A couple days ago, Senator Elizabeth Warren (D, MA) was disparaging a fellow Senator, Jeff Sessions (R, AL) who was being advised-and-consented regarding his nomination for Attorney General. Senators objected, and then the Senate voted to require her to be silent for the remainder of that debate when she persisted in the disparagement. Understand, too, that whatever we might think about the Senate’s rules against disparaging a colleague, the rules are quite clear and quite well known to all Senators and their staffs.
There are two things about the way the NLMSM is “reporting” on this as most of it lionizes Warren over her having been sent from the Senate podium for a few hours. One is that the NLMSM is reporting only on the fact of the silencing, which occurred during her attempt to read portions of a 30-year-old letter from Coretta Scott King urging the Senate to deny Sessions’ nomination to a Federal judgeship. The NLMSM is choosing not to report on the behavior that preceded Warren’s attempt to read those excerpts that also included disparagement, behavior that included Warren’s calling Session “disgraceful” and “racist” and accusing him of pushing a “campaign of bigotry”—not even her citing someone else as possessing that opinion; those were her words.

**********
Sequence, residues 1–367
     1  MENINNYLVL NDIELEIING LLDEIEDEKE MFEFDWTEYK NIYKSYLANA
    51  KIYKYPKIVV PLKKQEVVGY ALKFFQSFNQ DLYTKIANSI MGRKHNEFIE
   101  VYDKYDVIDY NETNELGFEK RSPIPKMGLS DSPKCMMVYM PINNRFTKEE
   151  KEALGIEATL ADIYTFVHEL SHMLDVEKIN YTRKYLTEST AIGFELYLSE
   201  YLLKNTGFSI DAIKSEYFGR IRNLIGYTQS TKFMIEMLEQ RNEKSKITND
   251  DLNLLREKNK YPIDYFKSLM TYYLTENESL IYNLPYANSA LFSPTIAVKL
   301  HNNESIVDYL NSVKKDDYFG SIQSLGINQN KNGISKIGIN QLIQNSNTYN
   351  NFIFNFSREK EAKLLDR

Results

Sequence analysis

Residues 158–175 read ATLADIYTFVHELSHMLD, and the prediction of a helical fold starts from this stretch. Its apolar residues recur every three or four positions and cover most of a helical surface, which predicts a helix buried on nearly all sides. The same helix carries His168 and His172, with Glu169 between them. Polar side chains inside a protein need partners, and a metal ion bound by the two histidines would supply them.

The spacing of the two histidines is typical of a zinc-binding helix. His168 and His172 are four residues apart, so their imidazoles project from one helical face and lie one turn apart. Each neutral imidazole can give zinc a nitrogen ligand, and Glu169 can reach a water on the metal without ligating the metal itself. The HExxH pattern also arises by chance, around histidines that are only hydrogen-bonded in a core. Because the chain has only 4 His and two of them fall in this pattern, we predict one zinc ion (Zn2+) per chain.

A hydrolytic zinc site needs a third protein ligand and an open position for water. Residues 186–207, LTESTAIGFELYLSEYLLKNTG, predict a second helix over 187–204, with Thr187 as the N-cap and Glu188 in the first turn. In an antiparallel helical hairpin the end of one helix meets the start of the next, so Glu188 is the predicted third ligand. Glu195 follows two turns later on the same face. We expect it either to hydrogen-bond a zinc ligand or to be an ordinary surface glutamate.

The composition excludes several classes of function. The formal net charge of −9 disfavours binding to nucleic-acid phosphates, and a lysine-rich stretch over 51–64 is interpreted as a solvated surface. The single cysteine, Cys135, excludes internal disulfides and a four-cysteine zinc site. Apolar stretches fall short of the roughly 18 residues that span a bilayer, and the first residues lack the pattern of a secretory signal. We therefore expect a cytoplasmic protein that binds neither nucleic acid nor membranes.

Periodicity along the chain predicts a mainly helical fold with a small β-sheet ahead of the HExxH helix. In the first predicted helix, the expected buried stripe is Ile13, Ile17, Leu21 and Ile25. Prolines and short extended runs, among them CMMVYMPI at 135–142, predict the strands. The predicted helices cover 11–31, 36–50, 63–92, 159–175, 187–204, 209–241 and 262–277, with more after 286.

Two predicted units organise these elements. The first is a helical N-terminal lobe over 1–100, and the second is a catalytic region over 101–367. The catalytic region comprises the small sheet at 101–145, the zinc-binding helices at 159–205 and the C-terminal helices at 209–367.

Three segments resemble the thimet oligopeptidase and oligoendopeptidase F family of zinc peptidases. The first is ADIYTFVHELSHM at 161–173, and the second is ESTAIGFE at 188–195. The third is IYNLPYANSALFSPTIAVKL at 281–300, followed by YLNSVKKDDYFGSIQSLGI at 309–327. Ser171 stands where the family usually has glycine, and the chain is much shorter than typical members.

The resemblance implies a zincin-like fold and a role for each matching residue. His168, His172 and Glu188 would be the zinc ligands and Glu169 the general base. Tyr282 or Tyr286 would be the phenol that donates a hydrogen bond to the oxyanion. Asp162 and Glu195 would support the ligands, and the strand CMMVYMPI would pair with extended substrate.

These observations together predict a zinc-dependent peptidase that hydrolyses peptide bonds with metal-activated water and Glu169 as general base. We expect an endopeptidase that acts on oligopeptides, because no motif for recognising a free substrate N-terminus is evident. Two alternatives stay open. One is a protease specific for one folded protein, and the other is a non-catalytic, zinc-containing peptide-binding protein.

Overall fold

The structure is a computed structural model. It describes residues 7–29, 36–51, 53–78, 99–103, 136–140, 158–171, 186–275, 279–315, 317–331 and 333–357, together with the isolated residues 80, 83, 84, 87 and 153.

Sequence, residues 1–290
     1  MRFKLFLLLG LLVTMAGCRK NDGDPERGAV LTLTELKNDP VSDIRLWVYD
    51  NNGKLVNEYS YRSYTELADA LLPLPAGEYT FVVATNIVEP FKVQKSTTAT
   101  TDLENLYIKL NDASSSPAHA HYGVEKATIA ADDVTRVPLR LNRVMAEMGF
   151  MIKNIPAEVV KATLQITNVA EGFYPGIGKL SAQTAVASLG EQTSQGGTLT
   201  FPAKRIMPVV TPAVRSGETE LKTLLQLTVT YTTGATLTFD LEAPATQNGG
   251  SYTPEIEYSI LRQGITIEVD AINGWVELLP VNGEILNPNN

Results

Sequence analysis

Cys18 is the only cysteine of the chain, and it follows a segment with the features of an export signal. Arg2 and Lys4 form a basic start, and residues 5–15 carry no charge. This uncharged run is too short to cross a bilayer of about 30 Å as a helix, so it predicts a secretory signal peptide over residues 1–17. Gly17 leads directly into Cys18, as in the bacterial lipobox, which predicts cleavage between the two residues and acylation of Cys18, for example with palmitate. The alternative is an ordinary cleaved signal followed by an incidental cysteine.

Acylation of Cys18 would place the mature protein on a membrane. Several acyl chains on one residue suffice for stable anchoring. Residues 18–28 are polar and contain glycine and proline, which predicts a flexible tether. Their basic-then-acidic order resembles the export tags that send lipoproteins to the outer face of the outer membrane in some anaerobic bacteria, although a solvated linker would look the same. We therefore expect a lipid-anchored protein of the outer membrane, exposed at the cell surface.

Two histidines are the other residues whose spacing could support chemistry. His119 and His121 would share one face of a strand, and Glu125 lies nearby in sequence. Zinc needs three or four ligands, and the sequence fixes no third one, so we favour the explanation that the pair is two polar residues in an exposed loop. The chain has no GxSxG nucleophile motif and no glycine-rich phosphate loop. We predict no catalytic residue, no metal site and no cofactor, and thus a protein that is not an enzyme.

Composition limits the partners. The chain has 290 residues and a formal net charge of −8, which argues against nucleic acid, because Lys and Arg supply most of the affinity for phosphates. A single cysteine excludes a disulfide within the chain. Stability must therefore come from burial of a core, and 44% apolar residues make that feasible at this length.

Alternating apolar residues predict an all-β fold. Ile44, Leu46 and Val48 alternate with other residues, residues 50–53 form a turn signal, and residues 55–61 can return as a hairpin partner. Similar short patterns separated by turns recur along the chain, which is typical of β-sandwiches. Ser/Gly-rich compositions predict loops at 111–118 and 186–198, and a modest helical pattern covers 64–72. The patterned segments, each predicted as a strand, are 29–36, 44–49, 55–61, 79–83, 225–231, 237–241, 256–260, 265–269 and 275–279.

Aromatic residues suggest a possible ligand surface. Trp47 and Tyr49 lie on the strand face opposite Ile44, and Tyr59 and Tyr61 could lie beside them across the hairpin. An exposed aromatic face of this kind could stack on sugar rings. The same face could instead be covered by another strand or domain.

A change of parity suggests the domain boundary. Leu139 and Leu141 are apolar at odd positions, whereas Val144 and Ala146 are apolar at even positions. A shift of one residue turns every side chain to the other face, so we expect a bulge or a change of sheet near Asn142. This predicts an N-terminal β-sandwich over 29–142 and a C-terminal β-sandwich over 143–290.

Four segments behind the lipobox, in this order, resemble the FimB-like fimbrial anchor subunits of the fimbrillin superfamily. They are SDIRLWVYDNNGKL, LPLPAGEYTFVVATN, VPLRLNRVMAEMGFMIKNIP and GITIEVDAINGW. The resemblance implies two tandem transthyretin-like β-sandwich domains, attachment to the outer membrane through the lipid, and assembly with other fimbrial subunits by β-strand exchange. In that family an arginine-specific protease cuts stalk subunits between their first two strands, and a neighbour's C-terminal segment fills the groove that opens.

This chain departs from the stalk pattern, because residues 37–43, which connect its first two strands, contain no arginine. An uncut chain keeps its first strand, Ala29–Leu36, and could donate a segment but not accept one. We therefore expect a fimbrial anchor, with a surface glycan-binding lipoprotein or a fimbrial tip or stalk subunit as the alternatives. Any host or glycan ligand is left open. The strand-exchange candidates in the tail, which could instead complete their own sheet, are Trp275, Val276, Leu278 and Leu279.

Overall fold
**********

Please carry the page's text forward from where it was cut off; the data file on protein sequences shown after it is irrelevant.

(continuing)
The other is the NLMSM’s decision to not report another King family member‘s current view of Warren’s behavior.
Dr Alveda King, niece of Dr Martin Luther King Jr…said Senator Warren is using the King named to play the race card and stir up emotions.
“In that letter [Coretta Scott King] would be referring to some of [Senator Jeff Sessions’] comments,” King told the FOX Business Network’s Neil Cavuto. “However, she would agree today that he of course ended some [school segregation and] he worked to prosecute members of the KKK.”
King added: “It’s almost like a bait and switch, stir up the emotions, in the name of King—and my name is Alveda King…[and] play the race card, which she was attempting to do.”